Can Excellence Co-Exist with Equality


Democratic governments of nations throughout the world are establishing new laws that mandate benefits to all people that they govern. The cost of these new benefits is borne by a mixture of industry that can be taxed in those nations, taxes from the citizens themselves, and increasingly, unpaid debt that is passed to future generations to pay. The United States of America (USA) practices governance that follows an ancient Greek model for government, with some adjustments. Essentially, the people of the USA elect their government office holders, who then occupy offices of authority, responsibility, and accountability. I refer to all three as an elected official’s “power” in this article. Power includes the capability to create new law. It is the government apparatus itself that enforces the law. Since the founding fathers of the USA were most concerned about too much power in the hands of one or a few people, the government of the USA features many well-crafted checks and balances on elected government officials. However, the greatest check on a wielder of power in government is the people who are governed. They wield the power of the vote. The balance is supposed to be achieved by the flow of information to the voters so that they understand what the elected officials intend to propose as new law.

Why New Laws with more Benefits?

Any two people might encounter a politician, and each might perceive him/her differently. Politicians are (or try to be) all things to all people that they govern. Some possess a soul seated with a strong moral compass. Others are in office to enjoy the perks. The rest of them are somewhere between those two extreme viewpoints. In the USA, unless they are independent of a political party, all of them are affiliated with one of two political parties, and are subjected to great pressure to support the objectives and goals of their party. Many people view the word “compromise” as weak. However, compromise is how politicians (especially those with different party affiliations) reach agreement. Think of it like the saying, “You scratch my back and I will scratch your back.” In other words, one politician can say to the other that he/she does not agree, but will support the other’s proposed new law in exchange for the same agreement from the other. Why so many new laws with more benefits? One of the political parties is willing and feels empowered to be Santa Claus for voters. One gets gifts from Santa Claus, and does not pay him for those gifts. The elected officials of the other political party are so few in number that they cannot check the move. There can be no compromise when the elected officials of one party can achieve their party objectives without the need for compromise. Is this a bad thing? Maybe. That is something for you (the voter) to decide. Simply put, if your government passes a new law that gives you something that you did not have, that is a benefit to you, it is a good thing, if you can afford it. If you get the benefit without paying for it (the Santa Claus effect), then the good thing is even better! On the other hand, if the government passes a law that gives a benefit that you already have, it is a yawn. It is choking, when the government also gives you the bill (tax) to pay for the gift to others.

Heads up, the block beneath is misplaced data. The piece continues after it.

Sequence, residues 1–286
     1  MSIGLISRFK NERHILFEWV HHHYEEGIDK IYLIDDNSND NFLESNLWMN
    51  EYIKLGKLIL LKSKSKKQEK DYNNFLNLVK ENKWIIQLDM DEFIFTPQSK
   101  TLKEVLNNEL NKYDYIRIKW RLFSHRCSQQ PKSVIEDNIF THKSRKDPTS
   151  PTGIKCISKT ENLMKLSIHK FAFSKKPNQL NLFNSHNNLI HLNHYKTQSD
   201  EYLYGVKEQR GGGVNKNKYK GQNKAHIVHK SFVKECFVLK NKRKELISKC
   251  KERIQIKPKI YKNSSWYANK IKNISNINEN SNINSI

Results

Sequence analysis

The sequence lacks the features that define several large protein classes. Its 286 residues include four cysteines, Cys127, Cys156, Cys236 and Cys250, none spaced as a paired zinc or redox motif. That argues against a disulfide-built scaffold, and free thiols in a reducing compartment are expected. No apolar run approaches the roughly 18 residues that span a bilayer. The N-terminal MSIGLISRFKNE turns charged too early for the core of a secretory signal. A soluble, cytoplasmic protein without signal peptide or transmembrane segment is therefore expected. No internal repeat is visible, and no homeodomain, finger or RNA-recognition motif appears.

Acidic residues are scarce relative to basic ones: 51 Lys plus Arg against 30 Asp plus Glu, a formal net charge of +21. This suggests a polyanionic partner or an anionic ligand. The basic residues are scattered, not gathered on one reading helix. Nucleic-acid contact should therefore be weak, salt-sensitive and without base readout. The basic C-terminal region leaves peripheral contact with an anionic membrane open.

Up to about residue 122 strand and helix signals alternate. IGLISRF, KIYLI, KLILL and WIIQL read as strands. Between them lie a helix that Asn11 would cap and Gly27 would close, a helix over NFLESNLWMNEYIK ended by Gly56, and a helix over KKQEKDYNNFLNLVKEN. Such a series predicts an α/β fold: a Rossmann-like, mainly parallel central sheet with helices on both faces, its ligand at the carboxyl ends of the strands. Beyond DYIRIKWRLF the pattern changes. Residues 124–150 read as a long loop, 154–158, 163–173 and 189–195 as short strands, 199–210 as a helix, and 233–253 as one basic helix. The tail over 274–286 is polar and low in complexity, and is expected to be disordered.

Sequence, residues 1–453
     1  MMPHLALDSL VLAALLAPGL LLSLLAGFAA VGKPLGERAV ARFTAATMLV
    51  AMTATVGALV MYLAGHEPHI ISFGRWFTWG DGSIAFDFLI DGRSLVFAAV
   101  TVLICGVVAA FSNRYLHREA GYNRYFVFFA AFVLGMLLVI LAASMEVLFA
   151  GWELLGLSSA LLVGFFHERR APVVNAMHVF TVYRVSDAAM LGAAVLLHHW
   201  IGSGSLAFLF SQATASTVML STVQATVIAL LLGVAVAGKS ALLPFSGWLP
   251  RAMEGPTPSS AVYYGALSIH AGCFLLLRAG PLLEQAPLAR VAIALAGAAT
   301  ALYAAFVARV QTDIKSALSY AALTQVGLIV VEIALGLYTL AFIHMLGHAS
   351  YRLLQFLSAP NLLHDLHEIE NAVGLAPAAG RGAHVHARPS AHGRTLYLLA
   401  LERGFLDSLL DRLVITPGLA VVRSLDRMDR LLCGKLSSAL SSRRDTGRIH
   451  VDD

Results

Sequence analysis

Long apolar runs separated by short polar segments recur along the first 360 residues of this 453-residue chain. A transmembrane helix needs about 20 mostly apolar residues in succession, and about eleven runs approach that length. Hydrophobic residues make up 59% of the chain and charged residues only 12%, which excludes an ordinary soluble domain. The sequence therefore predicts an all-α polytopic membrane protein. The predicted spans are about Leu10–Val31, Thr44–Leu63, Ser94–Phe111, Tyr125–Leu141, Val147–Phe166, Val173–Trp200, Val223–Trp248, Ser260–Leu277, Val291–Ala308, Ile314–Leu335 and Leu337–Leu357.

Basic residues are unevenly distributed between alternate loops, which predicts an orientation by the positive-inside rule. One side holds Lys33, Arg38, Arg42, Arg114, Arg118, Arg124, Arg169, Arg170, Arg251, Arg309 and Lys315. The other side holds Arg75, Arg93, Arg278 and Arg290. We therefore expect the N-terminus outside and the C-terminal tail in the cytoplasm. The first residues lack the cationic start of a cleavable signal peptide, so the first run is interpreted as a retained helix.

Should Voters be Concerned?

If there is no check on the Santa Claus effect, it will continue, unbounded. This will especially be true if enough voters (a majority) combine to support the political party that promotes for election only candidates that will strengthen and expand the Santa Claus effect. Should all Americans (or citizens of any country led by a Democratic government) be concerned? Yes! Those who are compelled by law to pay for Santa Claus’ free toys will leave, and take their money with them. That should be apparent to Americans, who see so many American companies shift operations to other countries. How happy are you, as a voter, to get more “free stuff” from your government when it caused you to lose your job, caused your children to not be able to get a job, and took from you the long-held vision of excellence for America? If you are upset about this, whose fault is it? Who is to blame? You are at fault. You (the voter) are to blame. It is your fault because you are uninformed and you are disinterested in politics. See the summary above. The balance is information. Until inter-netted communications was put into place, American voters were informed by journalists. Today, the visual media (television) still provides the most convenient source of information to the voters on what their elected officials do. The problem with that is that most of the networks affiliate with one of the political parties. They have true journalists in the lower ranks, but the message to you, the voter, each day, is blended with the objectives and goals of (mostly) the political party that is behind the Santa Claus effect. You will not get balanced information on what your elected officials propose to become new law by watching television news.